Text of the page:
Dave Alvin and Phil Alvin
Rating: 4.5 out of 5 stars
The title of the Alvin brothers’ follow-up to their Grammy-nominated 2014 Common Ground reunion project that found them working together for the first time in 30 years is multi-faceted and bittersweet. Clearly they are trying to make up for that lost time after not working together since Dave amicably left the Blasters in 1987. But more than that, these dozen covers are predominantly tunes that were also lost to time. Phil and Dave dig deep to reveal these hidden blues and R&B gems, then polish, rearrange and unleash them with pent up energy, providing the tracks with new leases on life.
Dave’s short yet informative liner notes explain the disc is also a tribute to ’50s blues shouter and Alvin brothers friend Big Joe Turner, whose photo adorns the back cover. Four tracks are Turner covers and it’s no secret that much of Phil’s distinctive singing style dates back to that of Big Joe. But from the opening guitar and walking bass lick of Oscar Brown, Jr.’s demonic “Mr. Kicks” to the closing acoustic gospel of “If You See My Savior” (one of the few times both guys sing on the same tune), it’s clear the brothers are having a blast reviving songs they obviously love and have influenced them for decades.
Not surprisingly Phil does the bulk of the singing. Even after his near-death scare a few years back, he sounds strong, vibrant and often, as on a version of James Brown’s “Please Please Please” that nearly beats the classic original, stronger and more powerful than ever. Old Blasters piano man Gene Taylor makes a welcome guest appearance on the salacious public domain blues of “Rattlesnakin’ Daddy,” one of Dave’s few vocals, while letting Phil display his dynamic harp abilities.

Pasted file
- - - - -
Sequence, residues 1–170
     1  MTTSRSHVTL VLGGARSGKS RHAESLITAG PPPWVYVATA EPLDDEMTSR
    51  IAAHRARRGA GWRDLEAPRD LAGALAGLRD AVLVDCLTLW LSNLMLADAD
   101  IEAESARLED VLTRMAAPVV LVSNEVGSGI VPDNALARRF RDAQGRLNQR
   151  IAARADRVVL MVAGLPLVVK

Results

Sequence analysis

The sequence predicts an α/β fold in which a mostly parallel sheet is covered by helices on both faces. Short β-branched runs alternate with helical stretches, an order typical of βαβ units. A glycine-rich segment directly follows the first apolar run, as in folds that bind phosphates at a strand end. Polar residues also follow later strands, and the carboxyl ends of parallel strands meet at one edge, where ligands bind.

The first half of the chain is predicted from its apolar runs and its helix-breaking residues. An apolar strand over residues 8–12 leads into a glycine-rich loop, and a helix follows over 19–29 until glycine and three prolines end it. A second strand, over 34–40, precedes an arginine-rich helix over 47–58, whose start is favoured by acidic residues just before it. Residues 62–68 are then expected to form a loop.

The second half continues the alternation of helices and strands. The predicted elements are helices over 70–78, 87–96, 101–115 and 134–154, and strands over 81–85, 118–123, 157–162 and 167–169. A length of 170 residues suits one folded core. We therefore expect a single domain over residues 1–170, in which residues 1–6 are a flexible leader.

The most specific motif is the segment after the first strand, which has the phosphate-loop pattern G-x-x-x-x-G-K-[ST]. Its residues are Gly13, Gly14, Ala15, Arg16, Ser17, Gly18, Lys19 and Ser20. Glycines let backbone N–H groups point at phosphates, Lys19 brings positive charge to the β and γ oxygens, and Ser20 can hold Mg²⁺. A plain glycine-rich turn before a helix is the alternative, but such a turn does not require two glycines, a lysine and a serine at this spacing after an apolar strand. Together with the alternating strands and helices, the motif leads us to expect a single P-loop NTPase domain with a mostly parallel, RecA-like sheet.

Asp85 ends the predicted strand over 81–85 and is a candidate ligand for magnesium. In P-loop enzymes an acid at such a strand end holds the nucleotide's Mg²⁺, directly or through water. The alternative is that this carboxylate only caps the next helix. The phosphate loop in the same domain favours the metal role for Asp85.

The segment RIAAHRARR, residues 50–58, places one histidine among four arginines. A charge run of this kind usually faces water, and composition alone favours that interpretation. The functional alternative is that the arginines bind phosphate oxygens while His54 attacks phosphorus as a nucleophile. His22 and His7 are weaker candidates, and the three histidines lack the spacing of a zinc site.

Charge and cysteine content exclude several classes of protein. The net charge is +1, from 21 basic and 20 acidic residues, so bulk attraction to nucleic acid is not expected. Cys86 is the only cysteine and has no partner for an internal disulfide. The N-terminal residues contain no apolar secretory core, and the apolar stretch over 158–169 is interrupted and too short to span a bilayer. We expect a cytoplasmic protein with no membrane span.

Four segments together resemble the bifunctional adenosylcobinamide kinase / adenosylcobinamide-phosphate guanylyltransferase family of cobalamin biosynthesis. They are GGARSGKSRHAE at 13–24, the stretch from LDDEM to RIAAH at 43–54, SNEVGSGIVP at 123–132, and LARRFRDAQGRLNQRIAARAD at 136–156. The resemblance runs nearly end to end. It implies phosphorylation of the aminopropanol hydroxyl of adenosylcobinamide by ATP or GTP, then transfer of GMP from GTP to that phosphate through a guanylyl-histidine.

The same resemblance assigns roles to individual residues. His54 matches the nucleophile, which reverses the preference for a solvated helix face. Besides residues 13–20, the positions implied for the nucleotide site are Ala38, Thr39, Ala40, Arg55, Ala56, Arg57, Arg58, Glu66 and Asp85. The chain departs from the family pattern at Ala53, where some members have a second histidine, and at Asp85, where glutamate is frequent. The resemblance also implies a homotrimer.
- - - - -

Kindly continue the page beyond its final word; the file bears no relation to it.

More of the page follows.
The twosome takes Willie Dixon by way of Otis Rush’s “Sit Down, Baby” down to the swamp with another of Dave’s baritone vocals and knock Turner’s “Wee Baby Blues” out of the park with a wild Dave guitar solo, searing slide work from Chris Miller and Phil’s emotional singing.
This is a blues album, but with styles that range from ragtime to jump with Chicago, Texas and Piedmont thrown in it’s diverse, fresh and rocking. There’s not a weak track in the dozen making this another candidate for blues release of the year from brothers who almost never got to play another note together. Making up for lost time never sounded so good.